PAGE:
The app also brings ‘Flex Time’ which lets you edit the timing of a single note in a waveform individually, without having to slice it out of the clip itself. That’s insanely incredible and will let you fix that single mistimed beat with minimal effort. There’s also ‘Flex Pitch’ which does the same thing for individual beats, except with pitch instead of timing. Logic Pro X also brings an ‘arpeggiator’ which can automatically convert chords into arpeggios for giving your music a more complex feel. There are also a ton of pre-recorded sounds, and patches that you can freely use in your workflow, along with Apple’s insane amount of plug-ins that are shipped with Logic Pro X (there’s over 60GB of additional assets you get with LPX!).

Logic Pro X supports audio formats like WAV, AIFF, CAF, PCM, ALAC, AAC, MP3, REX, RCY and a lot more.

Pros:

  • Works like a charm on Mac
  • Feature rich, and has a variety of plugins.
  • Control over singular notes as well, if needed.
  • Has a ton of tutorials.

Cons:

  • Mac only
  • Quite expensive at $199
  • Can be overwhelming if you’ve never used Garageband before.

Availability: macOS only

Price: $199.99

Check out Logic Pro X

3. Audacity

I’m pretty sure you’ve heard of Audacity. The free and open-source software is mentioned on almost every single audio editing thread out there, and for good reason. Like I said, Audacity is free, like completely free, and that makes it the most easily accessible software to anyone looking to get started with audio editing. Plus, it’s no slouch when it comes to the features either. It has almost all the features you’ll need. There are a lot of effects including things like bass, treble, distortion, noise removal and more. Along with that Audacity also comes with analysis tools such as beat finder, silence finder, sound finder, and more.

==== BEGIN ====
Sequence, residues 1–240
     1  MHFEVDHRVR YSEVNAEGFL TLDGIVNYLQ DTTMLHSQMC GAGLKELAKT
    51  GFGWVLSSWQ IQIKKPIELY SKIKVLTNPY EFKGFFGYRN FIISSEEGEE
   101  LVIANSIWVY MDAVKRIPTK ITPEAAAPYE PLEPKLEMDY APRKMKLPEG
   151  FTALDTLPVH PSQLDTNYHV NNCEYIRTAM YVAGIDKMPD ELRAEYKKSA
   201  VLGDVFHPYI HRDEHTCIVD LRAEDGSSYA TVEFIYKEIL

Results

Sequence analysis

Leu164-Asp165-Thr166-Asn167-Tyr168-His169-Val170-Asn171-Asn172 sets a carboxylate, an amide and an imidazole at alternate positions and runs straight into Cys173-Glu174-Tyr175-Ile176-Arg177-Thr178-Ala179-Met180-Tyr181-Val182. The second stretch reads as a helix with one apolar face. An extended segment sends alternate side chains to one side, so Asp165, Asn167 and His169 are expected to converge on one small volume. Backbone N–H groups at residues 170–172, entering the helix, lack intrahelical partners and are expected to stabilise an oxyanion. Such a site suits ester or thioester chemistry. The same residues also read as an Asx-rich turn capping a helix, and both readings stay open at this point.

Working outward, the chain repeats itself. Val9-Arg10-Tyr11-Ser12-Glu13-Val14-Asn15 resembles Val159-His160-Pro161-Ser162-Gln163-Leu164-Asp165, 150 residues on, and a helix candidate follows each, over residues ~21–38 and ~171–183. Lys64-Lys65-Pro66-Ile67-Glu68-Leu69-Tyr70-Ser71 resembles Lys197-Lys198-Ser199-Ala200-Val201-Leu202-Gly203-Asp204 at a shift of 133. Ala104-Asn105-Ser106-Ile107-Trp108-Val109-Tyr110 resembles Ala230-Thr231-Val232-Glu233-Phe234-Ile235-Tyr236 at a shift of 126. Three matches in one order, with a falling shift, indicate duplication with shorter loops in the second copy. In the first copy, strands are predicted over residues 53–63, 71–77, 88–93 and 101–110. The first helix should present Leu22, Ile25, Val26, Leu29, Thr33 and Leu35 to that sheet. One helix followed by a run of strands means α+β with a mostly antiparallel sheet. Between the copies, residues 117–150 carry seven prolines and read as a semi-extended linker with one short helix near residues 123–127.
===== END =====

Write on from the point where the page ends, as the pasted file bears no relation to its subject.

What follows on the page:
For a free app that’s also cross platform, Audacity is surprisingly feature rich. There are a bunch of other tools as well including an envelope tool, a time shift tool, and more. Plus, like most great audio editing software out there, Audacity supports almost all the audio file formats out there like MP3, WAV, AIFF, PCM, OGG Vorbis, FLAC, AC3, AMR, WMA, MP4 and more.

Pros:

  • Completely free
  • Cross platform
  • Beginner-friendly
  • Pro-friendly as well with all its features.
  • Massive online community for help.

Cons:

  • UI is not the best
  • Faces random crashes on Mac sometimes.
  • Mics plugged in after Audacity has been launched are not recognized.

Availability: Windows, macOS, and Linux

Price: Free

Check out Audacity

4. Reaper

Reaper is yet another audio editing software that’s incredibly powerful and feature rich while also being comparatively more affordable than some of the other options on this list. For starters, Reaper comes with support for multiple tracks, and has a remarkable multichannel support with 64 channels in each track. It also brings the ability to directly record audio to mono, stereo, or even multichannel audio files, along with the ability to record to multiple disks at the same time for data redundancy if that’s something you want.

With Reaper you can apply effects in a real time, non-destructive manner, insert almost any third party or MIDI plug in, and even brings real-time pitch shifting and time stretching capabilities into the mix. Reaper also supports most popular file formats along with some not-so-popular file formats out there. There’s support for ACID, AIFF, AVI, BWF, CDDA, EDL, FLAC, KAR, MIDI, MOGG, MOV, MP3, MPEG, OGG VORBIS, OGG OPUS, QT, RADAR, REX2, SYX, W64, WAV, WAVPACK, WMV and more.